No matter what you call it — chroma key, green screen or blue screen — it’s the film and video technique that gives your local TV weatherperson something in common with the Avengers movies: artificial backgrounds inserted behind the action. You simply record your subject in front of a solid green or blue screen, and then add a touch of software magic to change the background.

Dozens of free or inexpensive apps allow you to use the technique on your own clips. It’s a great way to jazz up your presentations and other videos — or to keep children busy with a weekend project filming their own toys in action scenes. Here’s how to get started.

Step 1: Set Up Your Studio
First, you need a big piece of solid green or blue cloth or paper to use as a background when recording. You’ll also need a place to hang it and strong lighting aimed at the screen to keep shadows and fabric wrinkles from showing up as blotches in your video.

You can get a few yards of cloth at a fabric store for less than $20, or buy a professional chroma-key backdrop, starting around $30, at a specialty store like B&H Photo Video. If you have a major project, you can also find complete green-screen studio kits (including the backdrop, a frame to hang it on and studio lights) for less than $100 on Amazon and other sites.

Chroma key typically uses green or blue backgrounds because those hues are farthest from human skin tones, making sure that the software doesn’t mistake a human for the background. But make sure your subject isn’t wearing clothes in the same backdrop color, because otherwise the clothes will disappear and become part of the background in the final video.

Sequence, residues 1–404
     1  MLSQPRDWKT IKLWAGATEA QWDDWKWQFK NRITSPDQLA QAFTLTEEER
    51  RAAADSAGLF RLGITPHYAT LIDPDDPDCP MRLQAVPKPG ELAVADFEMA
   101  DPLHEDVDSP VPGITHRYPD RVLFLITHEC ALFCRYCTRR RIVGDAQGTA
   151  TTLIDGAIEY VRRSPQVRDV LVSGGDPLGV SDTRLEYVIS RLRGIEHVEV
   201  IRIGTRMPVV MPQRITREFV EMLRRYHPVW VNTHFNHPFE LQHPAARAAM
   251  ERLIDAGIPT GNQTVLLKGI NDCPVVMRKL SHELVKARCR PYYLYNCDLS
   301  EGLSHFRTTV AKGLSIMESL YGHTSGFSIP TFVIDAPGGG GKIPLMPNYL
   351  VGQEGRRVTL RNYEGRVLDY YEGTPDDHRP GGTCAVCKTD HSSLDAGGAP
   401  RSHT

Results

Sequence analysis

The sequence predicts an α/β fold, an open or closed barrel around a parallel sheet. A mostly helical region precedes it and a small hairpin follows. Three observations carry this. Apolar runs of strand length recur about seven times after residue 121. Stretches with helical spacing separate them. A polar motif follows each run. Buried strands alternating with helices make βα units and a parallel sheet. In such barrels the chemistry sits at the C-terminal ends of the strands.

Step 2: Get Your Software
If you plan to do all your recording and editing work on your phone or tablet, pop into your app store and search for a “green screen” or “chroma key” app that suits your tastes and budget. Android Film FX’s Green Screen Video app ($2) and Do Ink’s Green Screen for iOS ($3) are two inexpensive options. KineMaster for Android and iOS ($5 a month for the full version) can make green-screen videos and do all sorts of other moviemaking tasks.

If you prefer to import the clips and edit on a desktop computer, Movavi Video Editor and Wondershare Filmora9 are both $40, and the industry standard, Adobe Premiere Pro ($21 a month), can also handle green-screen work. All three of those programs work on Windows and Mac systems and include a free trial period — and they have more features than most mobile apps with support for more precise editing, special effects and different types of media.

The world Students Society thanks author  J.D. Bersdorfer.


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